The Solanezumab Benefit for Alzheimer’s: Oh, So Small, But Probably Real

Prospects for Alzheimer’s immunotherapy appear to have brightened. Yesterday at the 137th annual meeting of the American Neurological Association in Boston, Massachusetts, researchers presented analyses from Phase 3 trials for two therapeutic antibodies, solanezumab and bapineuzumab. Most of the new data were on solanezumab, Eli Lilly and Company’s humanized monoclonal antibody against the mid-region of monomeric Aβ, and they appeared to deliver the long-awaited signal the amyloid field needed to restore its confidence after a string of clinical setbacks.

Rachelle Doody, Baylor College of Medicine, Houston, Texas, reported a first analysis of the solanezumab Phase 3 raw data that Lilly had given to the Alzheimer’s Disease Cooperative Study (ADCS) for independent study under a contract that may well be unique in AD therapy development. “We analyze the data without any constraints imposed by the company,” Doody said. Speaking on behalf of the ADCS, Doody presented a data analysis based on the cooperative’s own modeling, not on Lilly’s internal statistical analysis plan that is on file with regulatory agencies.The ADCS analysis encompassed combined data from two solanezumab trials (EXPEDITION1 and EXPEDITION2). Both trials administered 400 milligrams of antibody once every four weeks for 18 months. One trial took place primarily in the Americas, one mostly in Western Europe and Australia; both trials used sites in Japan and other countries as well. The ADCS analysis came to a more positive result than what Lilly had disclosed in a press release on 24 August 2012. Specifically, Doody described a cognitive benefit in both trials overall and in patients with mild Alzheimer’s disease, as well as a functional benefit on independent activities of daily living (iADL) in the latter group.

Researchers’ reactions at the meeting ranged from enthusiasm, to cautious optimism, to quibbling with the statistics. Regardless of whether solanezumab itself, or possibly a more effective follow-up immunotherapy, will eventually become an FDA-approved treatment for clinical use, many scientists felt that yesterday’s result validated the amyloid hypothesis and could prove to be a turning point for the immunotherapy field at large.

“This is the first evidence for a clinical benefit with an anti-amyloid treatment. The field should be encouraged,” said Susanne Ostrowitzki of Hoffmann-La Roche in Basel, Switzerland. “We think the effect is real. It is a start,” Paul Aisen of the University of California, San Diego, who heads the ADCS, told Alzforum. John Morris, Washington University, St. Louis, Missouri, found the signal on functional benefit particularly noteworthy. “It’s been a discouraging 12 years since the field started looking for disease-modifying drugs. Today we got the first hint that we may have a small effect, even a functional effect. We have a long way to go toward a truly effective medicine, but today we got a real encouragement.”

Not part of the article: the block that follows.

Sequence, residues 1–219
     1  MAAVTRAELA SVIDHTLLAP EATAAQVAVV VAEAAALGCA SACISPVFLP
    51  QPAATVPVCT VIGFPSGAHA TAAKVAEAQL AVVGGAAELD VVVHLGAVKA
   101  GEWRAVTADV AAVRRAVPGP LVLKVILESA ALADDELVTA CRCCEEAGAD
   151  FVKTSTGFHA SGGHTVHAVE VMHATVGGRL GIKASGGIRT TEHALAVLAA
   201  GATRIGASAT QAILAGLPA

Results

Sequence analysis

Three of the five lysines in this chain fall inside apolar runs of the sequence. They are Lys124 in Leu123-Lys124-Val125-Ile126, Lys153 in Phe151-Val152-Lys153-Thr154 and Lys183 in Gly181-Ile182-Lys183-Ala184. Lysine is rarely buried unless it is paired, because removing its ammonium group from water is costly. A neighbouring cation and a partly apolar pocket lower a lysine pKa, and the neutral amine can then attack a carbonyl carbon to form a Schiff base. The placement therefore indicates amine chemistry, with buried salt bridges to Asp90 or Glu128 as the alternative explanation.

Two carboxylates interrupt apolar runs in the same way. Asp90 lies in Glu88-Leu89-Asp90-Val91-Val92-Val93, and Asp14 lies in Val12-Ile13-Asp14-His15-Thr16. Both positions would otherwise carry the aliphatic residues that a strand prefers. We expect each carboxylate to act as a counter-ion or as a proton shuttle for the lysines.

Last August, Lilly reported that solanezumab missed both cognitive and functional endpoints (see ARF related news story). Pre-specified subgroup analysis, however, indicated the drug slowed cognition in patients with mild AD. The ADCS analysis shows a trend toward a cognitive effect across mild to moderate AD, i.e., people who entered the study with an MMSE of 16 to 26. Pooling data from both trials, Doody found that cognition declined more slowly in patients who received the immunotherapy. The effect turned up in two versions of the ADAS-Cog (ADAS-Cog11 and 14) and reached higher statistical significance in patients with mild disease. This fits with a theme that resonated through the meeting, namely that treating earlier will more likely bring success.

Going beyond cognition, Doody reported that by the end of the EXPEDITION2 trial, solanezumab had slowed decline on activities of daily living, though only in people with mild AD. This effect, on both the ADCS-ADL measures and the more challenging measure of iADL, also showed up in analyses of pooled data from the two trials, again only in patients with mild AD.

Doody emphasized that, while statistically significant, the solanezumab effect is small. After 81 weeks, the difference in the ADAS-Cog14 score between treated and untreated patients averaged 1.41 points, while scores overall worsened by about eight points during that time. Indeed, some scientists pointed out that the effect is so small—less than that of the approved cholinesterase inhibitor drugs—as to be imperceptible to patients. Nevertheless, attendees at the meeting saw the glass half-full. “I am very excited by what we heard today,” said William Mobley, University of California, San Diego, in a press briefing following the scientific presentations. “This little signal is big. It increases the evidence that Aβ is a target, which is quite significant,” he added. Reisa Sperling, Brigham and Women’s Hospital, Boston, agreed. “This is a shot in the arm that we might be going in the right direction with Aβ therapy,” she said.